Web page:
In 2020, India and the UK were the fifth and sixth largest economies of the world in terms of nominal GDP. However, in terms of nominal GDP per capita, the UK ranked 23rd, while India ranked 142nd. This indicates the extreme income inequalities in India. However, over the next 15 years, this scenario will transform into a phenomenal socioeconomic opportunity. By 2035, India will have the world’s largest middle-class population with 100 crore people. Hence, during the current decade, to benefit from the market volumes, British companies will have to understand the Indian psyche and necessities and create products for people at the base of the pyramid who earn between $2 and $10 per day, and constitute the largest proportion of the population. They will have to engage with people not just as consumers but as partners. For example, Hindustan Unilever, India’s largest consumer goods company, and a subsidiary of Unilever Inc. has consistently aligned its growth strategies with the evolving requirements of the country. Its commitment to a sustainable living plan, and support for the socio-economic empowerment of its supply chain partners through micro-credit and entrepreneurship initiatives like Project Shakti that have financially empowered over 80,000 women by doubling their income and helped them reach 40-lakh consumers in 160,000 villages across 18 states of India, is an example of how British companies can succeed in India through inclusive strategies. 

4. Achieving SDGs

The Millennium Development Goals (MDGs) succeeded largely because China lifted crores of people out of poverty. The success of the United Nations Sustainable Development Goals (UNSDGs) depends significantly on India as it is home to nearly 20% of world population, a vast majority of which are at the base of the economic pyramid. India needs an investment of $2.64 trillion to meet the Sustainable Development Goals by 2030. The UK can help India achieve its targets during this ‘Decade of Action’ through technology and solutions, products and services, collaborations and joint ventures. Its expertise in genetics and AI, advancements in healthcare, and investments through banking and financial institutions can create win-win outcomes for both nations, and a positive impact on the planet.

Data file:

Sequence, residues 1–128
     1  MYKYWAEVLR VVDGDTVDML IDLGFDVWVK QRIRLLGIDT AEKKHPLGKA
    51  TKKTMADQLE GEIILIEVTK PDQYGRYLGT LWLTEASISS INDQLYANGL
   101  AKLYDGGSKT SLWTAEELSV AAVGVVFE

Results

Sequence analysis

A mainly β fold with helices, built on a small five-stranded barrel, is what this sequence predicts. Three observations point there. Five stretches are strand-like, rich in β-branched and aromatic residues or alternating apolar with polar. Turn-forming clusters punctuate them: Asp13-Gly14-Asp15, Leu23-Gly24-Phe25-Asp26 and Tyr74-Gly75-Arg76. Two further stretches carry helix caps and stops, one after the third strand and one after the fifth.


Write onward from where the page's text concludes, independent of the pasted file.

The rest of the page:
5. Powerful Democracies 

UK has a global profile that few other countries in the world can match. India is the emerging superpower. It is a significant partner in the new D10 grouping of the world’s largest democracies proposed by the UK. The continued outreach of Prime Minister Modi with the UK is focused on a forward-looking partnership between the two nations for the 21st century. The visit of Prime Minister Johnson as the Chief Guest of the Indian Republic Day 2021, which was cancelled due to the pandemic, was another milestone in this direction. The two nations can considerably help each other through greater convergence on issues like the future of work, higher education, urbanization and smart cities, technology evolution, and governance of multilateral institutions. Moreover, India is a natural partner for Britain in its role beyond Europe and at the periphery of the Indo-Pacific geography. There is great political will within both countries to work together towards this end and achieve newer heights.  

I believe the UK’s soft and tech power and India’s massive labour and consumer markets create the right environment for synergies between two nations that are desirous of influencing the international order while ensuring the wellbeing of their citizens.

(Shashank Shah has been a visiting scholar at Harvard Business School and Copenhagen Business School. The views expressed are author’s own.)